Take our cash, or at least our shares. That appears to be Microsoft’s mantra these days. After failing to acquire the American operations of TikTok, a short-video app, last year, the software giant was recently rumoured to be in takeover talks with Pinterest, a virtual pin-board, and Discord, an online-chat service. And on April 12th the firm announced that it would acquire Nuance, a speech-recognition specialist, for nearly $20bn in cash—its second-biggest acquisition ever.
Even before this latest flurry Microsoft had acquired a reputation for coveting tech firms that looked as alien to its core business of selling office software as TikTok’s dance videos are to Word and Excel. Five years ago, in its biggest purchase, it paid $26bn for LinkedIn, a business-oriented social network. In 2018 it picked up GitHub, a development platform for open-source programs, for $7.5bn.“Is Satya Nadella getting bored?” wondered the Information, a website covering the tech industry. Having successfully turned Microsoft around, observers murmured, its boss might be in the grip of merger madness. In fact, there might be a method to it.
For starters, Microsoft’s merger activities are unexceptional by big-tech standards, says Mark Moerdler of Bernstein, a broker. The industry is rife with takeover rumours; most are probably true. Large firms talk regularly to each other about potential deals. It is safe to say that Microsoft has term sheets for many potential targets on file. It still invests far more in expanding its existing businesses than on buying new ones. Excluding the Nuance deal, the company has spent only $33bn on big acquisitions in the past four years, compared with $64bn on research and development. It has oodles of cash in the bank ($132bn at the end of last year) and a valuable currency (its share price is up by more than 600% since Mr Nadella took over in 2014). Unlike rivals such as Alphabet and Facebook, both of which face antitrust cases and have steered clear of big deals lately, Microsoft is no longer on trustbusters’ radar.
By its relatively timid standard, though, Microsoft has indeed become more acquisitive in recent years (see chart). Having provided textbook examples of what not to do, most notably after buying Nokia, a phonemaker, and Skype, an internet phone service, it has learned how to integrate targets successfully. Under Mr Nadella it has taken on a shape that better lends itself to this process.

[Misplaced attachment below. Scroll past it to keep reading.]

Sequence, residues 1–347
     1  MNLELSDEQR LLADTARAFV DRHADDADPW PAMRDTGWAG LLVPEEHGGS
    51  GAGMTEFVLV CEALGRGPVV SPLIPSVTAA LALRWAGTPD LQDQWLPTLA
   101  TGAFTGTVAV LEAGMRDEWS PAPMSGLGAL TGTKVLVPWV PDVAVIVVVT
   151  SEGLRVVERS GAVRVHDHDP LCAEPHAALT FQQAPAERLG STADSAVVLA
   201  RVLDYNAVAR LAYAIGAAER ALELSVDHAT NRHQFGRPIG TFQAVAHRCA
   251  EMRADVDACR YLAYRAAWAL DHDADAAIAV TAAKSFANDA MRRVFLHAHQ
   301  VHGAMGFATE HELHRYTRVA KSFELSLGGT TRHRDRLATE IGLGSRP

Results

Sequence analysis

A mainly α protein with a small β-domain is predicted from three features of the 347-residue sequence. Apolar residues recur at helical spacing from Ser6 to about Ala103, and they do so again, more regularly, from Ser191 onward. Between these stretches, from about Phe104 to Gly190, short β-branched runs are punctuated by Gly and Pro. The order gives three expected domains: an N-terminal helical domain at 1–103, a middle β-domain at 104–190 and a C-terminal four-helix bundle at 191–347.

Simply put, it has become a giant computing cloud that can digest any data and offer any service. An acquisition can thus add to the business in more ways than one—and “feed the beast”, in the words of Brent Thill of Jefferies, an investment bank. Even TikTok would have brought new computing tasks for the cloud, provided reams of videos to train artificial-intelligence algorithms and allowed the firm to beef up its consumer business.
Purchases also help Microsoft to keep growing rapidly by allowing it to ride big industry trends. Discord, like GitHub before it, looked to be a bet on the shift toward creating content and related user communities, which Mr Nadella thinks will dominate life online. A bit like LinkedIn, Pinterest would give Microsoft access to data about people’s interests, which could enable new forms of e-commerce.
The Nuance deal encapsulates all these considerations. The firm is best known for its speech-recognition software and a health-care platform used in 77% of American hospitals. This technology, along with lots of valuable health data, will beef up Microsoft’s “health cloud”. Nuance’s portfolio of patents can be used elsewhere in Mr Nadella’s empire. Though $20bn looks pricey for a firm with a net profit of $29m last year on revenues of $1.5bn, Microsoft can afford it. Discord and Pinterest seem to be off the table for now. But expect Microsoft to surprise with more deals. And don’t be fooled by their apparent randomness.
This article appeared in the Business section of the print edition under the headline “Method in the madness” in the The Economist.
Reference: Method in the madness. (2021). Retrieved 20 April 2021, from https://www.economist.com/business/2021/04/15/the-method-in-microsofts-merger-madness